John squeezed Sherlock's shoulder and let his thumb stroke the sharp collarbone beneath that perfectly-tailored jacket. That earned him a satisfying twitch and a suspicious glance.
Mrs. Maddox interrupted her own account to lean toward Sherlock. "You boys are so lucky. It's clear you dote on each other." She patted Sherlock's knee. "Don't you let this one get away, young man."
John swallowed a smirk as the muscles in Sherlock's shoulder tensed.
"Yes, ah, I'll keep that in mind. If you think of anything else, please call John here." Sherlock practically fled.
John scribbled down the number. "Thank you so very much, Mrs. Maddox. You've been a great help. We'll be in touch." He kissed her cheek.
Might be a few weeks before Sherlock underestimated him again.
John grinned. "On my way, dear!"
"Why bother? There's no need."
"Sherlock, you're rubbish at it. Everyone assumes...but when we have to...like at that bar...when you're acting, you come off ridiculous."
Sherlock leaned back from his telescope. "You correct every assumption we are a couple, but you want to practice?"
"Just some scripted-"
"If we must," he sighed, rolling his eyes. "Telophase."
"What, like in mitosis?"
"You're are a doctor, yes? The point at which two cells are fully formed yet still integrally connected."
"So you're suggesting, 'my little telophase'?"
"I admit the analogy lacks a certain…this is really not my area, John. Your turn."
Sherlock's left eyebrow twitched. "Having never been certain if that applies to gluteal or buccal cheeks-"
Sherlock grimaced. "The fixation on confections when-"
John smiled as he looked away. "Would you prefer 'my little ATP-factory'?"
"Ah, mitochondrial energy source, the foundation of all life. Very good, John, that will do."
"You. Are. Impossible."
"Not at all. I am quite possible, simply utterly unique." Sherlock grinned. "But if you insist on banal endearments for public consumption, would you prefer 'my precious'?"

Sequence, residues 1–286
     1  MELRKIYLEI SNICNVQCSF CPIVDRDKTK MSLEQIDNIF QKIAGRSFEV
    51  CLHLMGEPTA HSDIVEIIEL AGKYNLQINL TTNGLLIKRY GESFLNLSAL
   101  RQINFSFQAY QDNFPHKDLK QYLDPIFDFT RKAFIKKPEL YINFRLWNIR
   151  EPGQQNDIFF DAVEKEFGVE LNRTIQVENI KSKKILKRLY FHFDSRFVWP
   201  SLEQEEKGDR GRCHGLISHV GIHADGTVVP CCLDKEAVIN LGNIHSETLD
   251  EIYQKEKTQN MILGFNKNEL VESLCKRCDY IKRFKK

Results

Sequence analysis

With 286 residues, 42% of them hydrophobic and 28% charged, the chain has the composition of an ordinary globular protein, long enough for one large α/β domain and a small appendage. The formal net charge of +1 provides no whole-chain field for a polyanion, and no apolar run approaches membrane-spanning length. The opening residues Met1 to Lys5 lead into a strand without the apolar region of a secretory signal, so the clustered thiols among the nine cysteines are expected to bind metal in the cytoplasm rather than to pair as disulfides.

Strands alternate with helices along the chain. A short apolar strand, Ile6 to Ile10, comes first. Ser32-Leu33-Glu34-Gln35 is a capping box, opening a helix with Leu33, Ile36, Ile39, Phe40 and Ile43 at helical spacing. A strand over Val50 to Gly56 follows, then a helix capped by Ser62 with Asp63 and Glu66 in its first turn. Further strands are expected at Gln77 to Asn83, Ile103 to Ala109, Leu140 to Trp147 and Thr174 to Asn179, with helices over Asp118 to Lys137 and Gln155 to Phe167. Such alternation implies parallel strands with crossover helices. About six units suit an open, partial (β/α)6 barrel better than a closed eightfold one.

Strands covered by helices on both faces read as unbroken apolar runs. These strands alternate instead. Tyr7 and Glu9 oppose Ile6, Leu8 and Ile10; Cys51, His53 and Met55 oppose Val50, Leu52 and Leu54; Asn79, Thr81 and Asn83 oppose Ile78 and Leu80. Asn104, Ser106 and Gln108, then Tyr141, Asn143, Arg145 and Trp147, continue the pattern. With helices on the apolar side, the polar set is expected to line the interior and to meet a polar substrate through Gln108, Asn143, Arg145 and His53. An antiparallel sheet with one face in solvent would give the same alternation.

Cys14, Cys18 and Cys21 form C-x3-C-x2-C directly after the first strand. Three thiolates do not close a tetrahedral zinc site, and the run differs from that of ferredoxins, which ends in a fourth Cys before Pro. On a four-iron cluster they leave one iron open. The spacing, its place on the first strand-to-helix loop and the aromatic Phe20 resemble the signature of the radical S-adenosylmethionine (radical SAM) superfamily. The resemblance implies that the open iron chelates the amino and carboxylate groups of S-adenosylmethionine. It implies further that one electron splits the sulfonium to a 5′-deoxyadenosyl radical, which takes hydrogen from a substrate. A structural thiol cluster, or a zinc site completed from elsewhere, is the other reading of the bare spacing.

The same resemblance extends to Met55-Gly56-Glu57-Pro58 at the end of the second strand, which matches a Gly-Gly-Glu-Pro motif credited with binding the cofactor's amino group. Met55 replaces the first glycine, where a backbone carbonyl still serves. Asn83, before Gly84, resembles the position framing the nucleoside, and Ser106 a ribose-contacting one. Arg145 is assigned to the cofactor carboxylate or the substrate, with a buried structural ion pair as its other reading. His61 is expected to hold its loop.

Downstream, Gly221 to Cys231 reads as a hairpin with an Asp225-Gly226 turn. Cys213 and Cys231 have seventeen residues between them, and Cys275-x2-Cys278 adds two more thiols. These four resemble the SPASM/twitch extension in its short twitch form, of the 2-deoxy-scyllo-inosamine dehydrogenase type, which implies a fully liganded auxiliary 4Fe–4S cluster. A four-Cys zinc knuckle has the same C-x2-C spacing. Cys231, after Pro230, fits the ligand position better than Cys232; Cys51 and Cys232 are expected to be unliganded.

"You are not going to reference Lord of the Rings, you tosser!"
"Now, John, that would imply a lovers' spat, not fondness, my pet."
"I give up." John picked up his newspaper then muttered, "Singularity!"
Sussex's choir of birdsong woke John every daybreak.
Every joint creaked when he rose. John allowed himself only a deep "Hmmm" at the pain.
Sherlock moaned and whined about every twinge and ache, about the silver streaking his hair, about needing glasses.
He poured his frustration with his ageing body and slowing reflexes into work: studying slides, watching his bees, reading (and deriding) scientific articles, and writing monographs. His bees remained the best-producing in the county, and his work on colony collapse brought a steady stream of letters from grateful apiarists in the mail John collected.
Sherlock would not abide the term "beekeeper." "Bees 'keep' their own hives and colonies in order, John," he'd said the one time John slipped.
Through danger, divorce, despair, discovery, delight, and death, these thirty-four years-and more, health willing-encompassed the longest relationship of John's life.
The kettle boiled, and tea steamed orange in his grandmother's teacups. Some mornings he used Sherlock's mother's china. After tea came John's morning constitutional to combat his stomach's tendency to paunch. Sometimes Sherlock, slower but still lean and angular, joined him.
Sherlock was peering at magnified pollens when John set the saucer down, barely brushing Sherlock's knuckles. "Morning tea, love."
Sherlock caught John's index finger with his and rumbled rare words, reserved for those dearest to him, "Thank you."